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    My WebMD: A Young Mother Lets Go of Her Painful Past

    Abused as a child and addicted to drugs as a teen, Chelsea Baum turned her life around in an amazing way.
    By Chelsea Baum
    WebMD Magazine - Feature
    Reviewed by Laura J. Martin, MD

    Until I was 9, it was just my mom and me. We were really poor and lived in a million different places, but I was happy. When my mother started dating, I didn't mind. I wanted a father figure.

    Everything seemed mostly fine until after the wedding. Overnight, it seemed, my stepfather became physically and emotionally abusive. We weren't allowed to go anywhere, see anyone, or do anything without his permission. The more I challenged him, the worse the abuse became. He would shove me and twist and sprain my wrists. He played mind games with my mother, too. She ended up in a psychiatric hospital. While she was there, he sexually abused me. My mother and I went to the police, but there was no proof; it was his word against mine. I was devastated.

    I ran away at 15 and ended up in a foster home for six months. Two years later, I left home to become an exotic dancer with the help of a fake ID. I was so horrified that I danced with my eyes closed, trying to avoid the leering eyes of men who were older than my father.

    A Simple Prayer: "Help"

    A turning point came for me one night when a young woman walked into the club in tears. She was asking if anyone had seen her boyfriend. Suddenly I realized that this place was hurting relationships. Was I breaking up marriages? It broke my heart. Soon after, I tried dancing without the help of alcohol or drugs. For the first time in three years, I felt truly naked, ashamed, and in shock. I left early, went home, and said a simple prayer: "Help." A feeling of peace came over me. Somehow I knew I'd get the help I needed.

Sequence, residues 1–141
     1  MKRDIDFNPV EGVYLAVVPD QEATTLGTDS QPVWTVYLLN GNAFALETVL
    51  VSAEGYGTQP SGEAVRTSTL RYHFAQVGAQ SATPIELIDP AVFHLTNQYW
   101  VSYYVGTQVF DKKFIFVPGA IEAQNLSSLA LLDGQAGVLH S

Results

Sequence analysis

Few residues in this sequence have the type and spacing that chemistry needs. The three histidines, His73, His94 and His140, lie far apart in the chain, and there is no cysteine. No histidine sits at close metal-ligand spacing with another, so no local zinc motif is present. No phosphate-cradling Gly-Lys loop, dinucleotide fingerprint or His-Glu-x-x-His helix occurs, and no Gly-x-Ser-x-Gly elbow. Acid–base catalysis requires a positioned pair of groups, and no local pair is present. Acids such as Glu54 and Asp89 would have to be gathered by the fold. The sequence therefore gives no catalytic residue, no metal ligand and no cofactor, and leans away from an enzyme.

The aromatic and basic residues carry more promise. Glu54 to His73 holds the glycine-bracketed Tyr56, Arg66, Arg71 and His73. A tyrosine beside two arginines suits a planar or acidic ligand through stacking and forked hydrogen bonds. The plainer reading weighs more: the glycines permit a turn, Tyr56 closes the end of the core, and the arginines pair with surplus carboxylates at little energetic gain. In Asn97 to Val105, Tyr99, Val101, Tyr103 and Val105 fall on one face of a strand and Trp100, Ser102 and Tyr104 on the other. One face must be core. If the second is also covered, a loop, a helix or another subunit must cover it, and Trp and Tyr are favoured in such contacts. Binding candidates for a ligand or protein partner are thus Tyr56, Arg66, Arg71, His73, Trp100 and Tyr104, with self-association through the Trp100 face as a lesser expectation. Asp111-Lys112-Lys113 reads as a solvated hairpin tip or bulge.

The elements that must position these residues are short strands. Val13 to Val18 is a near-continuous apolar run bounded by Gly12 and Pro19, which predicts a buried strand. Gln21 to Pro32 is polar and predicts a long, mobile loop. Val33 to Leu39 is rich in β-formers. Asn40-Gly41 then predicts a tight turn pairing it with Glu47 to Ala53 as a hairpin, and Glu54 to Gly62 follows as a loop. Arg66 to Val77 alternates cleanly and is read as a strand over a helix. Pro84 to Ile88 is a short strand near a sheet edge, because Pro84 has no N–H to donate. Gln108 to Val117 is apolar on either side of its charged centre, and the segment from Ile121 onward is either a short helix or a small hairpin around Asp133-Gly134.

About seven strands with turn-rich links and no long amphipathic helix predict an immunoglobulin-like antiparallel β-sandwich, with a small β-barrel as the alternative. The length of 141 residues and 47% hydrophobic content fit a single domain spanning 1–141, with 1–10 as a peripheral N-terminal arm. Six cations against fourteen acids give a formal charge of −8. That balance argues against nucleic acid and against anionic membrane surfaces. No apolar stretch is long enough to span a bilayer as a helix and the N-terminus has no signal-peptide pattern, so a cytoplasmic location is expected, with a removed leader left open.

I began to turn my life around. I stopped dancing, took a job at Walmart, and finished my last year of high school. I surrounded myself with positive people. A couple from the church let me stay with them while I got my act together. They didn't make a lot of money, but they were happy with their lives and they treated each other kindly. I observed people like this -- people I admired -- then worked to adopt their habits until they became a part of me. For example, I had always been shy, so I watched outgoing people and learned how they smiled and greeted each other.

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